It never occurred to me before moving to Summer Mountain, that pink was one of nature’s true colors. You know from art class that red and white make pink. Well, in all reality a shade of lighter red. But pink on its own is a regular on the mountain. When you are driving by the native Rhododendron you might be tempted to think they are white. The cultivated ones along the houses in town are deep magenta, but the native ones here are pink. Softly shaded from pink to lighter pink, they appear in early summer. Here on the mountain, the show begins with the Mountain Laurel in May. They too are a fragile pink. Then the end of June the Rhododendron bloom. After the Rhododendron, then the tall thistle flowers in their deep pink come to bloom in the heat of summer.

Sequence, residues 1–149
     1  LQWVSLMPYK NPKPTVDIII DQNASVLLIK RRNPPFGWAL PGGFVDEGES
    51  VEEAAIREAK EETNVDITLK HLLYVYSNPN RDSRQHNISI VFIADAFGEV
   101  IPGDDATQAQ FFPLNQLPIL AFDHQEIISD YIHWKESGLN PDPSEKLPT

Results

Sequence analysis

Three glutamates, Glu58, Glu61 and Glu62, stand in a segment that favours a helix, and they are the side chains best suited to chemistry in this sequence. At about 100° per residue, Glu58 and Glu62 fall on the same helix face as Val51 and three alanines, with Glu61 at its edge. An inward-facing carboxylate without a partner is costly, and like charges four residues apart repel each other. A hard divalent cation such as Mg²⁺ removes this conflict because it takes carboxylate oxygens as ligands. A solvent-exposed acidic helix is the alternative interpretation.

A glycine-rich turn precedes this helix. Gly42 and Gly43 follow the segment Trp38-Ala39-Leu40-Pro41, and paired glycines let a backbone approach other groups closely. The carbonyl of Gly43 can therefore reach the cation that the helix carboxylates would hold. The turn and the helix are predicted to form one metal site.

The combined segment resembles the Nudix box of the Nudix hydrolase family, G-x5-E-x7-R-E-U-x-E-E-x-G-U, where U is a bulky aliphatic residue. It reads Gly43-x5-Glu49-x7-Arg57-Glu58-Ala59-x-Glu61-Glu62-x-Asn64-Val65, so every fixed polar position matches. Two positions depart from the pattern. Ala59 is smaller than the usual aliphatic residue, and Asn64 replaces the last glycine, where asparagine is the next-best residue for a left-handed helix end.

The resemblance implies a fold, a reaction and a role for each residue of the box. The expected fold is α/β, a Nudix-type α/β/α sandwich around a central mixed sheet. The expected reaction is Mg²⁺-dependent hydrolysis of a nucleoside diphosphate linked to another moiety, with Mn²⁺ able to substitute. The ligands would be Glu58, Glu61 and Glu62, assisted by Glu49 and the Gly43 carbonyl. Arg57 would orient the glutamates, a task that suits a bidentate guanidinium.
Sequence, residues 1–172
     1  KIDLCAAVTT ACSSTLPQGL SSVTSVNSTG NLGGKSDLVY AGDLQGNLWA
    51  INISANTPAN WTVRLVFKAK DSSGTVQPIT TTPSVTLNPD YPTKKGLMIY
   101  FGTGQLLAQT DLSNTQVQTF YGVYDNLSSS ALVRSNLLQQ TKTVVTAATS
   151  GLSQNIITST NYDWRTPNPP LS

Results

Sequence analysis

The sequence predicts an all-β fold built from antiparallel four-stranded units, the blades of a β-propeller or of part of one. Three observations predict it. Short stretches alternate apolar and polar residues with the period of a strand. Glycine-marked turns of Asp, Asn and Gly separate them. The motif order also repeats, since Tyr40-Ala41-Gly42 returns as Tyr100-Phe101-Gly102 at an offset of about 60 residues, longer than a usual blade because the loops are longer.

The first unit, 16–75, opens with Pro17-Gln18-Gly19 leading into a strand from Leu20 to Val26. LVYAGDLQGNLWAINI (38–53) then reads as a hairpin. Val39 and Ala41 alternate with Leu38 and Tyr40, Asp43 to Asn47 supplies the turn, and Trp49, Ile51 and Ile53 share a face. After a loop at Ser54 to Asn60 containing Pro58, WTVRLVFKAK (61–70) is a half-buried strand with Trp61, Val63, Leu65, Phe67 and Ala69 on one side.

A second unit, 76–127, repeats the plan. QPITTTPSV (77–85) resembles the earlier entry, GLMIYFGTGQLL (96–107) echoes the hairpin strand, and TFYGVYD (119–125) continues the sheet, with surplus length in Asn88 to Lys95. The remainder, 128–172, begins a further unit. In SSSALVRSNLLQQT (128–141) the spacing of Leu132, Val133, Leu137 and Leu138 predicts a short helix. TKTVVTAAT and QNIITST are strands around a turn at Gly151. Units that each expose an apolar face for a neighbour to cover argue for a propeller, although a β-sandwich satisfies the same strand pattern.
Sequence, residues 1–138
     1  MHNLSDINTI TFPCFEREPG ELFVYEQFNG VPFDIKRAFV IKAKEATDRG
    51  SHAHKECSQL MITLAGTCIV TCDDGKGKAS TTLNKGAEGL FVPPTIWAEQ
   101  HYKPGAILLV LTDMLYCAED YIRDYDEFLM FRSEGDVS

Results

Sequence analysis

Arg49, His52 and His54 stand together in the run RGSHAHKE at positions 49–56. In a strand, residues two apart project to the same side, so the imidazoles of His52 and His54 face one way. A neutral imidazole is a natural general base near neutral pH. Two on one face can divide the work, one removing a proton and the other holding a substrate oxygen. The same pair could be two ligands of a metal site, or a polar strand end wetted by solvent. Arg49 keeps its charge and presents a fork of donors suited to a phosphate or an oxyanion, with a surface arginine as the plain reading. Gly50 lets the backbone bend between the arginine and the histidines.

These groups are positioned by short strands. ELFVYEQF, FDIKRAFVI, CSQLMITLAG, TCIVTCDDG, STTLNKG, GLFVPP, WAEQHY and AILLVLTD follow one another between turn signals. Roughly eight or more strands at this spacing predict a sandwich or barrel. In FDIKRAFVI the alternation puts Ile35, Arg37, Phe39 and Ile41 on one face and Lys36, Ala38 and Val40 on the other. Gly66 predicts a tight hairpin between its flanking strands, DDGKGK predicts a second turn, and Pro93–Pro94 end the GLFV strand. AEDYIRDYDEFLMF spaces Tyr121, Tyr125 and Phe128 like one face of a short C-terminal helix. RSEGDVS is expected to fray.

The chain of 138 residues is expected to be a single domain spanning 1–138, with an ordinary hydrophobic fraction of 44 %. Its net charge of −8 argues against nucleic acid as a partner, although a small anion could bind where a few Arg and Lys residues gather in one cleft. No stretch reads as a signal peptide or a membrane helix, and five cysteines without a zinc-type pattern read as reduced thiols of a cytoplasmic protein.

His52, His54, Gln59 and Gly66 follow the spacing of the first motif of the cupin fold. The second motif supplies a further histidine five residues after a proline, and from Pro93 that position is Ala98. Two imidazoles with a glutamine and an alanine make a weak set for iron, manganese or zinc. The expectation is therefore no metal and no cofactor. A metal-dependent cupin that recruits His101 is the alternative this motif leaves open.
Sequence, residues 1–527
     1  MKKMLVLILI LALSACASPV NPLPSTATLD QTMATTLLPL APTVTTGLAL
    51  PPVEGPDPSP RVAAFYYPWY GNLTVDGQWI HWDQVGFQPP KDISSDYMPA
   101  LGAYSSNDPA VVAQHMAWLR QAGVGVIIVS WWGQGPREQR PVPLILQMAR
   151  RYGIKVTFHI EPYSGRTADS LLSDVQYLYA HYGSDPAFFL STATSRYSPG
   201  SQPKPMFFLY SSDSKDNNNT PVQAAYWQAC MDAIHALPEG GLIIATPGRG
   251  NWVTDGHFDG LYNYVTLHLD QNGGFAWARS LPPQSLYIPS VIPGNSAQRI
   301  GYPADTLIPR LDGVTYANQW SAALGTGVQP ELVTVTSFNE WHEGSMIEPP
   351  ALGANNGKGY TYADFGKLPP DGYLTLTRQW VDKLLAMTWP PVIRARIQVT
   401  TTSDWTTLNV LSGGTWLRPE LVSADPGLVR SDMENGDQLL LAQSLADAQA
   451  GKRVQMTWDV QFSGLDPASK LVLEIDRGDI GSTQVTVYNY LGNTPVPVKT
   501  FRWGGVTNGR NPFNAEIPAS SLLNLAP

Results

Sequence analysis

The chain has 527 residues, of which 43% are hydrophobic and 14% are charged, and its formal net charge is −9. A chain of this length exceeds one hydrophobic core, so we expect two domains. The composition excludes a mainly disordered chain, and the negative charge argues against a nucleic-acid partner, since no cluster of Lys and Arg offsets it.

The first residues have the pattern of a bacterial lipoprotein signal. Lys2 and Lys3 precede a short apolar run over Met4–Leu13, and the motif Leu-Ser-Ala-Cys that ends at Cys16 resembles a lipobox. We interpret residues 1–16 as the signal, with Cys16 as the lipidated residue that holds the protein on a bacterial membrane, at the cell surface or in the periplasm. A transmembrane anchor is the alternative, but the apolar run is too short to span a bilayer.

Pink tends to seem artificial when I think back on the trimmings of little girls. Dolls and bows, backpacks and sneakers. Not a brand or a name, but a color all of its own. Upon reflection, it seems that pink is truly a natural color deserving of a little respect. Not the mixture of two colors at all, but its own defiant color of nature. Perfectly Pink. Maybe, now that I’ve taken the time to watch and look at nature, I can see the color for its regal importance.
Still curing, is a new soap for Spring I’ve called Summer Mountain, and yes, it is perfectly pink. Watch for some new Essential Oil blends in springtime colors.